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Leon, Nicaragua

Discover the Charms of Leon, Nicaragua: A City Steeped in History and Culture

Discover the charms of the colonial city of Leon, Nicaragua. From stone-paved streets and historic landmarks to mouthwatering food and lively baseball games, this ode paints a vivid picture of life in one of Nicaragua’s most beloved cities.This article contains affiliate links, where we make a small commission if you purchase anything after clicking, at no extra cost to you. 

A horse pulling an empty dray clip-clops on paving stones as it passes the old Pulperia La Tacha in San Felipe, on the north side of Leon, Nicaragua.

I live about 50 meters north of what was once the biggest little corner store in San Felipe, an old neighborhood of colonial homes, dirt-floor abodes, and the well-furnished homes of Leon’s middle classes. The corner store is now a ruin of cracked, exposed adobe walls lurking behind stucco painted with faded advertising from long ago. The old wall tumbles into a pile of brown, dusty rubble.

The church in San Felipe dates back to 1685, a hulking grey lady overlooking a quiet park a few blocks from La Tacha. The street running past La Tacha is Avenida Central, though no one calls it that. It bisects my neighborhood and runs north from the cathedral, a UNESCO World Heritage Site.

San Felipe is old, much like Leon itself. This stone-paved street is old too. Some say over 400 years old, built when the Spanish moved the city to its present location in 1610. In San Felipe, there are no high-rises, no stoplights, no traffic, and no late-night places. Just quiet, dusty, stone streets and old colonial houses with textured adobe walls and tiled rooftops.

After a day of unrelenting heat, Leon comes to life in the cooler hours of the early evening

Families, friends, lovers, neighbors, and visitors come out of their homes to take the air and sit on rocking chairs. They gossip, watch their kids and grandkids, play the national card game of desmoche, or joke in the dusk breeze.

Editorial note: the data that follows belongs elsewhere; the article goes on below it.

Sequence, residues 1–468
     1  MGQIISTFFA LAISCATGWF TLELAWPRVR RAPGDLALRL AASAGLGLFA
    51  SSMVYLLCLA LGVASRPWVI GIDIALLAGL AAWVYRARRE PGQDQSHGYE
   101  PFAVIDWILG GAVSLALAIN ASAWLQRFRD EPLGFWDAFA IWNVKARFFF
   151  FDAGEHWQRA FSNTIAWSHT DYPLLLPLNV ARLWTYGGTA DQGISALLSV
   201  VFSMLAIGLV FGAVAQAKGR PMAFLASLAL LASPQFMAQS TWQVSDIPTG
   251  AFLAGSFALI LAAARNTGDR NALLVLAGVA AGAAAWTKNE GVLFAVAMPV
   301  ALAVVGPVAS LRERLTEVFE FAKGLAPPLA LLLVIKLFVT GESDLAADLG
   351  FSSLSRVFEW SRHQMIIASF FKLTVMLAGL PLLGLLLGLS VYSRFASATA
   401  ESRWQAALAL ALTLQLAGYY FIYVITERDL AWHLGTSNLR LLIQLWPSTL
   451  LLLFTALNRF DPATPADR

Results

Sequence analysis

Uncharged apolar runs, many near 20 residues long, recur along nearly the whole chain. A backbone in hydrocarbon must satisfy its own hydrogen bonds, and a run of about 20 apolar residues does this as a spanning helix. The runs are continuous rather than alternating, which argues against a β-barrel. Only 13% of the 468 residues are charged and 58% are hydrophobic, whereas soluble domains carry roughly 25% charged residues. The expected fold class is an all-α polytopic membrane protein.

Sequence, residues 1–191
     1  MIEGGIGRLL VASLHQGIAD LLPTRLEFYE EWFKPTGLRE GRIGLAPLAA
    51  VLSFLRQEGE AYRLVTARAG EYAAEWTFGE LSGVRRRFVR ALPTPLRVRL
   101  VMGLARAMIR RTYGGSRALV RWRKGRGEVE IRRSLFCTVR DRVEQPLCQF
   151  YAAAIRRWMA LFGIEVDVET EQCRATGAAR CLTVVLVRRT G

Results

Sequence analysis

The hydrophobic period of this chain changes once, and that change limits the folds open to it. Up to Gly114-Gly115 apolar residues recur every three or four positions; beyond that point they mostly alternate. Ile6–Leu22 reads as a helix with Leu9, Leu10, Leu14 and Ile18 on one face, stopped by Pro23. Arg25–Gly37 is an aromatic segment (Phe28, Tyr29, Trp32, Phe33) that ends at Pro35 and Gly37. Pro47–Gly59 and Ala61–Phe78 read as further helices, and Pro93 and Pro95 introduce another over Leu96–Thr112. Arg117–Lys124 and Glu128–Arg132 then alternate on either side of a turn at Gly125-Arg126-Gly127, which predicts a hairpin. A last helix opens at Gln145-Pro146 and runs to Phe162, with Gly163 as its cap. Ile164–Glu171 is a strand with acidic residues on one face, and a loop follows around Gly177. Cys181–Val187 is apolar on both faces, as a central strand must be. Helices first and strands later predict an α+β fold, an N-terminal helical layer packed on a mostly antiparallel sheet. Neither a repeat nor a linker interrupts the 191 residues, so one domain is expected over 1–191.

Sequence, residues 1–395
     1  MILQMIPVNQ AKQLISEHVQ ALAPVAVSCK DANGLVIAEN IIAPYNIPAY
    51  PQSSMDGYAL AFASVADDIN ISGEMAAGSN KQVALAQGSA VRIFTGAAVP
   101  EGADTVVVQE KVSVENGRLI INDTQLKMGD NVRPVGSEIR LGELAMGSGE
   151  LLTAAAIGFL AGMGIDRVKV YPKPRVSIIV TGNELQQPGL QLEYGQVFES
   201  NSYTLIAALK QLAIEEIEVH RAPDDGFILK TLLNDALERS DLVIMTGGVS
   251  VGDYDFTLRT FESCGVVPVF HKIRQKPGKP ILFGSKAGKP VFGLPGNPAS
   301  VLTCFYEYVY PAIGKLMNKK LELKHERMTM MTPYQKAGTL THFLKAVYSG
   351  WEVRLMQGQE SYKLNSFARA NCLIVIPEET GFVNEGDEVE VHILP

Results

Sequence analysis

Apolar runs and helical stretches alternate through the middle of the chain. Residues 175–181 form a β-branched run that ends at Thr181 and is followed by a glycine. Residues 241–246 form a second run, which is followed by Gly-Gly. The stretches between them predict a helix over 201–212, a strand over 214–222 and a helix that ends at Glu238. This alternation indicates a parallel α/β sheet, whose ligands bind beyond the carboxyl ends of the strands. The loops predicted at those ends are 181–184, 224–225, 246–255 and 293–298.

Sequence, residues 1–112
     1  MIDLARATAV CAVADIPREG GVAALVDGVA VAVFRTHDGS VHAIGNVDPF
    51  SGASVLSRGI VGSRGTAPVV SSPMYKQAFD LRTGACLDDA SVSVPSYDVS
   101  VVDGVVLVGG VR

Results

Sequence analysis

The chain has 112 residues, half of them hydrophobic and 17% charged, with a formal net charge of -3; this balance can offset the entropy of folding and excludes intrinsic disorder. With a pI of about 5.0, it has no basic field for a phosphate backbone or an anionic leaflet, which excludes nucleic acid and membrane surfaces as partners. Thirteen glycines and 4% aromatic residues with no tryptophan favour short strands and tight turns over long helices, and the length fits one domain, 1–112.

Food abounds in the form of fritangas: meats and chicken grilled and served with plantains and gallo pinto. When smoke chokes the streets and sidewalks, you know it’s dinnertime. A fritanga dinner costs less than $5 and provides a filling meal.

The sounds of San Felipe are like any other neighborhood in Leon or any other city in Nicaragua. Besides the horses making their way back to the Mercado la Estación, a tortilla vendor plies his trade. “Tortillas, tortillas!” he cries as he rides his bike down Avenida Central.

Elsewhere, dogs bark, the sound of a bat on ball cracks in the air, a fruit seller chants her selection: mangos, papayas, bananas, granadilla. Sometimes you hear “cocteles, cocteles!” announcing the ceviche seller who arrives with small styrofoam cups of delicious chilled shrimp and fish.

A city of poets and the final resting place of national hero Rubén Darío, Leon is the intellectual heart of Nicaragua

A bastion of liberalism for years, it was here that the first sparks of the Sandinista revolution flew in 1979. Leoneses are proud of their history. They are warm and friendly with a tendency towards quirkiness.

I moved to the San Felipe neighborhood because the proximity of two important landmarks attracted me: Parque Central to the south, the cultural heart of the city, and the Heroes and Martyrs stadium to the north.

Parque Central sits in front of the cathedral. It hosts events on weekends with dancing, concerts, opera, theater, and beauty pageants. The Heroes and Martyrs stadium is where the local heroes, the Leones de Leon, take to the diamond in the professional baseball league.

Baseball is the national sport of Nicaragua, and games resemble religious experiences mixed with fervor, love, frustration, hot dogs, and cold beers

A victory ignites street parties around the stadium and the city. Children run about laughing while their parents sip cans of Toña, smoke wafts from food vendors, and bike taxis queue up to take people home. And always, there are fireworks.

Fireworks are a nightly occurrence in León, puncturing the night and sometimes even the dawn, always celebrating something or someone. Bottle rockets, firecrackers, and bombazos thunder and crackle, honoring a saint, poet, holiday, team victory, or hero.

San Felipe, my neighborhood, has much to offer to make you feel good: quaint horses, an old church, and smells of food. When neighbors see my camera, they yell “foto, foto, foto!

My portfolio is filled with pictures of ancient avenues, smoke-filled streets, kids playing baseball in the park, poets, singers, smiles, and waves. But it’s the sound of the fireworks that reminds me that I’m home in Leon, Nicaragua.

David Flynn is a cultural photographer from Austin, Texas with degrees in Latin American studies and journalism. His work can be discovered on both his Flynn’s Fotos site and his Instagram page, @the_cultural_photographer.

David Flynn

David Flynn

David Flynn is a cultural photographer from Austin, Texas with degrees in Latin American studies and journalism. He worked in advertising and marketing in a career spanning over 25 years, focusing on the Hispanic market. Now he can be seen bouncing around Central America in bush planes, chicken buses, tuk-tuks, riverboats, and tricycle taxis capturing life and soaking up the atmosphere. He lives in Leon, Nicaragua.